In his 30 years as a music critic in New York and London, Paul Griffiths has published more than 2 million words about classical music. In this book he constructs a boiled-down narrative of musical history. The writing reflects a big-city, public, secular approach to the music Griffiths has chosen to include.
They can laugh about foxhole religion but every front line soldier embraces a little religion and are not ashamed to pray. When you face death hourly and daily you can’t help but believe in Divine Guidance. My faith in God has increased a thousand fold. He has pulled me thru when nothing else could.”
A leading religious journalist who is a columnist and editor at the Toronto Star has written a sort of handbook for thinking about Islam historically, theologically and politically. Siddiqui, a Muslim from India, writes with clarity, wit and balance, though not without moral passion.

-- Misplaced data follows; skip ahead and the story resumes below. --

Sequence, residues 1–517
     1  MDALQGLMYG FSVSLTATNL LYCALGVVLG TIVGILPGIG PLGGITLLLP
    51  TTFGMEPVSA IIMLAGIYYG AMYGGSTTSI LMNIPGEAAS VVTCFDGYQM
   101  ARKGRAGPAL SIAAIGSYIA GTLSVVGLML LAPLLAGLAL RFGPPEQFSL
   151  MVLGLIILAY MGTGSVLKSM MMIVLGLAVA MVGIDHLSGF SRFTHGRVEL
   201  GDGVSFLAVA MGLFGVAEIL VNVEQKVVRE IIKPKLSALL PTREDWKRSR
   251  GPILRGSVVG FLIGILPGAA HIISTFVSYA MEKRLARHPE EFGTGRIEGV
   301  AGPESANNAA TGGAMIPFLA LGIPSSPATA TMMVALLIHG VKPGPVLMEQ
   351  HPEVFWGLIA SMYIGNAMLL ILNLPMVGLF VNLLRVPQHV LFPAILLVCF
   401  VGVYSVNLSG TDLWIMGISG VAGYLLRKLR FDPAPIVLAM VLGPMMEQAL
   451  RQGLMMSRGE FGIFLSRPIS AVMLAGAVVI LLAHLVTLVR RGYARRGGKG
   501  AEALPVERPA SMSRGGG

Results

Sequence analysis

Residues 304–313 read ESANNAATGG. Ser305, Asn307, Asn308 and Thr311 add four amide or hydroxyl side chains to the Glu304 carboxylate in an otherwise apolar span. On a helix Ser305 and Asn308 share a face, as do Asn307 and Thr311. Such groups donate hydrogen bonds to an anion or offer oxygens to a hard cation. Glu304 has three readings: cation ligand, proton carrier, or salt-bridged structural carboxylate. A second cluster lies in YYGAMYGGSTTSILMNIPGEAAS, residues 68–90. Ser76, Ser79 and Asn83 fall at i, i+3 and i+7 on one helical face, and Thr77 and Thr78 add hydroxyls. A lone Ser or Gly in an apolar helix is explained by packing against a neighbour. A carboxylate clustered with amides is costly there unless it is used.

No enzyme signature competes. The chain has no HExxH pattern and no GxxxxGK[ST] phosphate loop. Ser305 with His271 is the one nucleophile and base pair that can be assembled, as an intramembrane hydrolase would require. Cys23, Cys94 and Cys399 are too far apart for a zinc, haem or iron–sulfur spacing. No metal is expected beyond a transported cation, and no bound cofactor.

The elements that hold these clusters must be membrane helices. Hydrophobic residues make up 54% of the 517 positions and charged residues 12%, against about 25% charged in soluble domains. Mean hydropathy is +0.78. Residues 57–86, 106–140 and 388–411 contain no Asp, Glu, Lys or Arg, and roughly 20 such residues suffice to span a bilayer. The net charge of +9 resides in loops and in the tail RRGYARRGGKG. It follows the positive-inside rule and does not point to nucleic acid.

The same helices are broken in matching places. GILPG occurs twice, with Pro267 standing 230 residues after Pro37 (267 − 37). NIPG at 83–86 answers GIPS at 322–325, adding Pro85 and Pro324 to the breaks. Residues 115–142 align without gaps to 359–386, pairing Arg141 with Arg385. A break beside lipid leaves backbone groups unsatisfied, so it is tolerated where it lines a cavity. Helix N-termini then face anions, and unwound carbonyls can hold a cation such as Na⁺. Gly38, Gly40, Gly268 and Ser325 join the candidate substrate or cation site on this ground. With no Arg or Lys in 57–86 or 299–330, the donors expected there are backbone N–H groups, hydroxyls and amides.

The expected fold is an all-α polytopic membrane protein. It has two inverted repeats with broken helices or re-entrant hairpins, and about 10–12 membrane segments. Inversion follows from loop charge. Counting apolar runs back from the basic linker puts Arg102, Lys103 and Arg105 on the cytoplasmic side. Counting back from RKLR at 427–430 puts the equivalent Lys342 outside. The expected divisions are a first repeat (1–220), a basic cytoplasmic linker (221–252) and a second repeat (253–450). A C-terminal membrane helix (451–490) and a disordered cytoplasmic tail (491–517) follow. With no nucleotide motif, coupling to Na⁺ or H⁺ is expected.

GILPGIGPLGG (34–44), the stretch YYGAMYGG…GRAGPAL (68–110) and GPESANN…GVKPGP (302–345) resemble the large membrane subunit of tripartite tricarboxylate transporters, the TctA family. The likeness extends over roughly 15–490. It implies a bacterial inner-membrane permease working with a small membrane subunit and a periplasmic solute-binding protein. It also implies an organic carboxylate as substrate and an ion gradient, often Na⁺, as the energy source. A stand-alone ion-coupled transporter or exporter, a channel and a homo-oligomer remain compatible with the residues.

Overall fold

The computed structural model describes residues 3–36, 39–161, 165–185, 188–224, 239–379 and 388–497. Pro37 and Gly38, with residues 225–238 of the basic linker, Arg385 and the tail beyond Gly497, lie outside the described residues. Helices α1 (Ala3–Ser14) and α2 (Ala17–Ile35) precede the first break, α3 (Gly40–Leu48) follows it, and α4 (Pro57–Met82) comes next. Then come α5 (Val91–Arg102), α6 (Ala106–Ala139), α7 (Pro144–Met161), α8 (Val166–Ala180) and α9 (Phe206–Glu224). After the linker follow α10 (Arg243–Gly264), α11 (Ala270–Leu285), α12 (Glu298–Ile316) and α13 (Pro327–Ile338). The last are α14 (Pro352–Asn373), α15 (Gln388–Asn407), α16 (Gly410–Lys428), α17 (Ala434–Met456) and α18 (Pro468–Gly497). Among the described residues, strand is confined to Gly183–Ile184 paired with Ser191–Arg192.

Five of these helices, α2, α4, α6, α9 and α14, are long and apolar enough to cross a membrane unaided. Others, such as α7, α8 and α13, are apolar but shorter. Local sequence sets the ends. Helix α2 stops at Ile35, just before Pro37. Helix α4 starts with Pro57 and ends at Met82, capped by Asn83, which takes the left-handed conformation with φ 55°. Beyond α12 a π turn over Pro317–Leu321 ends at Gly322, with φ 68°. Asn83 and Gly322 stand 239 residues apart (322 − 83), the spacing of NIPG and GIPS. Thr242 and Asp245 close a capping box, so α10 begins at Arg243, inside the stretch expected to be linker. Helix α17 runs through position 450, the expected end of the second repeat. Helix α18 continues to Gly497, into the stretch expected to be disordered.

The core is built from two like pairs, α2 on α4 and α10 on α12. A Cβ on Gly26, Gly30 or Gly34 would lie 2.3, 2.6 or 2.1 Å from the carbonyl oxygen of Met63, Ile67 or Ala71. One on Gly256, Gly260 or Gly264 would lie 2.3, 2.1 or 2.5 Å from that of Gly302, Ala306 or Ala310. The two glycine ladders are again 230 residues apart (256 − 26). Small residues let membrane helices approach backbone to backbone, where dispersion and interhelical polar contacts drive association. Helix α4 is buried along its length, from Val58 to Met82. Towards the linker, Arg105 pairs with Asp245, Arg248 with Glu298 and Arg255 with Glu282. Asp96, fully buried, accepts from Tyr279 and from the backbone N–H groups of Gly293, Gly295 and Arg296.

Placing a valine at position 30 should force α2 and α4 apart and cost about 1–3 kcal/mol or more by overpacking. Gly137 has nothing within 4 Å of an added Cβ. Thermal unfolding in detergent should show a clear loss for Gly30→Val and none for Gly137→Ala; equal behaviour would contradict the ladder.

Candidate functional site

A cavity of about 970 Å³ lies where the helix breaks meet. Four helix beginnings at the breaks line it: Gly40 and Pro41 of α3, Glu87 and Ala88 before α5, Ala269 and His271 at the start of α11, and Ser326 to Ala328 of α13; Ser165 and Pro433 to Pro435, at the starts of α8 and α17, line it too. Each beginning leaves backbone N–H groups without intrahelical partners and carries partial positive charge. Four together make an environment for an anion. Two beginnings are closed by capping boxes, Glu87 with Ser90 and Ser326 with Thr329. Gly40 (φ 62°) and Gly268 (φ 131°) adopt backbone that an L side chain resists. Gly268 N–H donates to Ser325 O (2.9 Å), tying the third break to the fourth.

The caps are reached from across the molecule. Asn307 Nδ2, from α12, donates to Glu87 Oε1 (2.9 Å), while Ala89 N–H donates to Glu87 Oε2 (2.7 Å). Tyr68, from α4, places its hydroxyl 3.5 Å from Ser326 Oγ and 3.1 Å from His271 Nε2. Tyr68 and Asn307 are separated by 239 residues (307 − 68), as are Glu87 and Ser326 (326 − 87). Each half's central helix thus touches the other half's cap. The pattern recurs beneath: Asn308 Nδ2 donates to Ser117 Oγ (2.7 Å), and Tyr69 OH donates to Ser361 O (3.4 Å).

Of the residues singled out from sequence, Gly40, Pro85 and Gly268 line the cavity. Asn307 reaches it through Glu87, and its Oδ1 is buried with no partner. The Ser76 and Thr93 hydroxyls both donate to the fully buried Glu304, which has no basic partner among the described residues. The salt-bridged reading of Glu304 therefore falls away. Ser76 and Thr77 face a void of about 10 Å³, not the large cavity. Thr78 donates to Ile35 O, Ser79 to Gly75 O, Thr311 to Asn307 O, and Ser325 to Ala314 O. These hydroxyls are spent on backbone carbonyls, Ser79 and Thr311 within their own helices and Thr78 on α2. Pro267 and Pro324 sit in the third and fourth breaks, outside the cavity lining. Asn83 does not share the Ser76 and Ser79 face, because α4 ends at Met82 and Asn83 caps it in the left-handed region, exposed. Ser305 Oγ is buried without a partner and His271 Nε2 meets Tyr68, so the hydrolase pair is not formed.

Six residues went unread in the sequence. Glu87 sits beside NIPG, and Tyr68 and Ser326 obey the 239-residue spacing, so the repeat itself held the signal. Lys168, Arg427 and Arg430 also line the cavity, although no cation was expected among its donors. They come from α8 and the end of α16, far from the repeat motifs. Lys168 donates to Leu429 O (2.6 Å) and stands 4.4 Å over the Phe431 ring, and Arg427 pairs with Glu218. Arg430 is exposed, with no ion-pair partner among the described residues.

Contemporary Christian homiletics has taken a wrong turn. Reaching out to speak to the world, we fell in—face down. Too troubled by what our audience could and could not hear, we reduced the gospel to a set of sappy platitudes that anybody could accept and no one could resist.
After you have written books attacking Henry Kissinger and Mother Teresa, what is left, really, but to write a book attacking God—or rather, since God does not exist, attacking all who believe in God? So Christopher Hitchens, the brilliant bad boy of Anglo-American high-culture journalism, must have concluded.